State reaches agreement with ride-sharing companies Lyft, Uber


VIRGINIA (WAVY) – Governor Terry McAuliffe and Attorney General Mark Herring announced Wednesday that Virginia reached an agreement with Uber and Lyft to operate in the state under a temporary agreement.

The agreement comes after the Virginia Department of Motor Vehicles ordered the two ride-sharing services to stop operating on June 5, because they did not have the proper licenses.

Uber and Lyft launched in the Hampton Roads area in May. Uber calls itself ride sharing, while Lyft refers to its peer-to-peer business model. With both companies, a passenger connects with and pays for rides through the companies’ smartphone apps.

According to a statement from the governor’s office, the agreement will help ensure the safety of passengers and bring the companies into compliance with the state’s laws.

“In order for Virginia to remain economically competitive, it is important that we welcome innovative companies like Uber and Lyft and provide them with the resources they need to safely and effectively operate in the Commonwealth,” Governor McAuliffe said in a statement. “Technology – specifically related to smart phones – continues to advance at a rapid pace, and I am pleased that we were able to work together to find a swift solution that will provide Virginia’s workers, students, and families with more transportation options.”

The DMV has informed the two companies their applications for transportation broker’s licenses and temporary operating authority were granted, and they can begin operating immediately. Uber and Lyft must comply with an extensive set of conditions, which include (list provided by the governor’s office):

  • Extensive background checks of drivers, with immediate disqualifiers including convictions for any felony, fraud, sexual offenses, or violent crimes, or registration as a sex offender.
  • A review of driving history, with disqualification for drivers convicted of three or more moving violations in the last three years, DUI, underage drinking, refusal to submit to a breathalyzer, hit and run, or eluding law-enforcement, or a revocation of a driver’s license.
  • Zero tolerance for the use of drugs or alcohol by any drivers, and a suspension pending investigation of any driver accused of violating the zero tolerance policy.
  • Only employing drivers who are properly licensed and over 21, and vehicles that carry a maximum of seven passengers and are properly registered and inspected for safety and emissions, where applicable.
  • Rigorous insurance requirements, including requiring drivers to maintain automobile liability insurance, maintaining on behalf of all drivers an additional $1,000,000 of coverage from the moment a driver accepts a trip request until the passenger leaves the vehicle, and liability insurance for drivers who are logged onto the companies’ software but not providing services.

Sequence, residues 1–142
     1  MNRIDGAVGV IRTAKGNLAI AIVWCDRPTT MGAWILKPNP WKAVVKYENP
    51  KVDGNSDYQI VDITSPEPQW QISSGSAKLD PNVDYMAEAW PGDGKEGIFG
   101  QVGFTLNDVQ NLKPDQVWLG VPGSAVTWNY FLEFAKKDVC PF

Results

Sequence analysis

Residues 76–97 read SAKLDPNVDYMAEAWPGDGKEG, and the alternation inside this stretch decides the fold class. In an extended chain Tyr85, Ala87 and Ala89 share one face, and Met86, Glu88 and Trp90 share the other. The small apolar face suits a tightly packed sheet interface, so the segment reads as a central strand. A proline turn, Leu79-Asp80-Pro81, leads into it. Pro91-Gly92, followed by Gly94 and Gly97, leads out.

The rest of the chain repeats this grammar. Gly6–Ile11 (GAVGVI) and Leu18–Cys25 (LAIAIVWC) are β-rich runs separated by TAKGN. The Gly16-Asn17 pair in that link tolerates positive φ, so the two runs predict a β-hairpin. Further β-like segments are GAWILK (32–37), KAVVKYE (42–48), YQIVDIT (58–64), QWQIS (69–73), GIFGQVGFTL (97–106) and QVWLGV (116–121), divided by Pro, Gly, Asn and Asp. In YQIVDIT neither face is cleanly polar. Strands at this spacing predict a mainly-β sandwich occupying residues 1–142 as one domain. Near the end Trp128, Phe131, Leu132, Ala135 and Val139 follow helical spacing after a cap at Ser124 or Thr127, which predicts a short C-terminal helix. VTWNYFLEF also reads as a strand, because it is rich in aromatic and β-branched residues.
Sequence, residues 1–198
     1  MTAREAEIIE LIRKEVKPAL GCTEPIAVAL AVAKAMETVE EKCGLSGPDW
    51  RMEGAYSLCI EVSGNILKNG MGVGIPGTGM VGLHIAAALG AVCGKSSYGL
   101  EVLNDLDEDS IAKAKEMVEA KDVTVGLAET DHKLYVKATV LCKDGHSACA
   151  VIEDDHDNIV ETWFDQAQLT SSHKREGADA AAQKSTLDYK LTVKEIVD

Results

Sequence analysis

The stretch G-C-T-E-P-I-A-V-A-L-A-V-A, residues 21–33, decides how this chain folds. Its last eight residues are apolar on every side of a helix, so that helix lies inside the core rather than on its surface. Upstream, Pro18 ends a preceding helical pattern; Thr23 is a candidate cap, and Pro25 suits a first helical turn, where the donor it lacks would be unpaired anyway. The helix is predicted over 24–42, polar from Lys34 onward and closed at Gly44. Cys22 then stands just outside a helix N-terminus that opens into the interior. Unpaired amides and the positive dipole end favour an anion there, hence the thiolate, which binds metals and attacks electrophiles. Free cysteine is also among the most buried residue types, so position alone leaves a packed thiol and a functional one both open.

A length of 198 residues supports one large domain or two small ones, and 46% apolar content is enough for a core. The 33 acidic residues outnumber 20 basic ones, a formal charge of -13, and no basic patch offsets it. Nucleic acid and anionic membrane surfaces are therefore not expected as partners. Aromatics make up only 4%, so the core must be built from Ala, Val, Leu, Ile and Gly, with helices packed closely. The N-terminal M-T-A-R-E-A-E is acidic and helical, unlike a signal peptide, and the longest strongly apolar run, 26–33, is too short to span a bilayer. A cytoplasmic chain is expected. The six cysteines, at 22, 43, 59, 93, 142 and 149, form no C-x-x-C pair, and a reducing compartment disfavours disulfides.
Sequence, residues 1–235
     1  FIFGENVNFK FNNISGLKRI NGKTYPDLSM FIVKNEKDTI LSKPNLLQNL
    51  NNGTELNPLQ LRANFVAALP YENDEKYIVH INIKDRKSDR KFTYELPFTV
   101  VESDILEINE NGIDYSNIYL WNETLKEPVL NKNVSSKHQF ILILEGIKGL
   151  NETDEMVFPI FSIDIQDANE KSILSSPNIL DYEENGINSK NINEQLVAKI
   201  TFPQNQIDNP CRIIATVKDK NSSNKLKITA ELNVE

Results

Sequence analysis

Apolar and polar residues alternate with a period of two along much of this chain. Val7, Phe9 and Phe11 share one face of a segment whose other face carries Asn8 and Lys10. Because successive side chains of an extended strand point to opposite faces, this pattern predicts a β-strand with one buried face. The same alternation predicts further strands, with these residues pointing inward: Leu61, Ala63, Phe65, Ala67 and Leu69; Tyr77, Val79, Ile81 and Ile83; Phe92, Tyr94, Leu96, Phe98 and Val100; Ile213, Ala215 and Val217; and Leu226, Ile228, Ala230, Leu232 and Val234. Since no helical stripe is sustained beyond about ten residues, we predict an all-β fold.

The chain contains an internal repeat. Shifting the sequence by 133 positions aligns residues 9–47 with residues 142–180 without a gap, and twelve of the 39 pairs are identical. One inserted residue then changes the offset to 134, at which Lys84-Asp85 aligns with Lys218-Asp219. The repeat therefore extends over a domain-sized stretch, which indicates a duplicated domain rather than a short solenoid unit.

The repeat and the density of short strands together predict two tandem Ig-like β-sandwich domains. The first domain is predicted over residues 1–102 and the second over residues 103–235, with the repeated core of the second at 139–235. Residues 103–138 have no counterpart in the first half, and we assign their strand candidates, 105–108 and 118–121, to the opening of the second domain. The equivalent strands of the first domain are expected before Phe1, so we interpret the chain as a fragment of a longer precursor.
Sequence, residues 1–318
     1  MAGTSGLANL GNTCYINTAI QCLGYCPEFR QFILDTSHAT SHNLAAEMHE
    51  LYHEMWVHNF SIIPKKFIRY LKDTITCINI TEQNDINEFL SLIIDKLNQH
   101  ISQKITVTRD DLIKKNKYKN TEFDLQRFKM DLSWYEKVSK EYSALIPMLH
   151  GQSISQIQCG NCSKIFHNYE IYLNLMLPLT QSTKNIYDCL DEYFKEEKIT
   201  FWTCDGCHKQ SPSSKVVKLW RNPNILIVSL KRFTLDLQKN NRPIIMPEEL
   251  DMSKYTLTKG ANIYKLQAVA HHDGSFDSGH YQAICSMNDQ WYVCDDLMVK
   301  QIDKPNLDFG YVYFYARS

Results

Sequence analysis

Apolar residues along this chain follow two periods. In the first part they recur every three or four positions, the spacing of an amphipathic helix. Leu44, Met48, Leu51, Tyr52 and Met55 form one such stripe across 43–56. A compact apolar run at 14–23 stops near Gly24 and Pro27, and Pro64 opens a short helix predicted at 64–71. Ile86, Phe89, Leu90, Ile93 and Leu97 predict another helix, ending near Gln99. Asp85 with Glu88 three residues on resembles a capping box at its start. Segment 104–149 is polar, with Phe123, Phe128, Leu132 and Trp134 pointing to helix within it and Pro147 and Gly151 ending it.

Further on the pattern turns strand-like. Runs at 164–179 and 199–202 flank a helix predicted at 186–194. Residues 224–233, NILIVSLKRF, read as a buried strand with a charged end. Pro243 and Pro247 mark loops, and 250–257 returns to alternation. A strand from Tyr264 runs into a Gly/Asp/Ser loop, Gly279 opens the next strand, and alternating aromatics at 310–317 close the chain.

• Maintaining documentation for each driver of his or her background check, sex offender registry check, driving record, proof of insurance, valid driver’s license, Social Security number, vehicle registration, and proof of vehicle safety inspection. Documentation must be available to DMV on demand to investigate any complaints, and must be available for periodic audits to ensure compliance.
  • Paying any previously assessed civil penalties for non-compliance and dropping any appeals, which both companies have already done.
  • Features to help customers identify their driver and vehicle, including from the outside of the vehicle.
  • Drivers notifying the companies of any change in their license status, vehicle registration, insurance, or any arrest for a crime that would disqualify them from being a driver.
  • Rate transparency and documentation.
  • Companies advising drivers of their need to comply with applicable tax laws.
  • Only accepting rides booked through the companies’ mobile device apps, not street hails.
  • Companies maintaining a Virginia transportation broker’s license.

According to McAuliffe’s office, the DMV is now leading a study to develop a long-term legislative solution that addresses these types of services. The study is scheduled to be complete in time for the 2015 legislative session.

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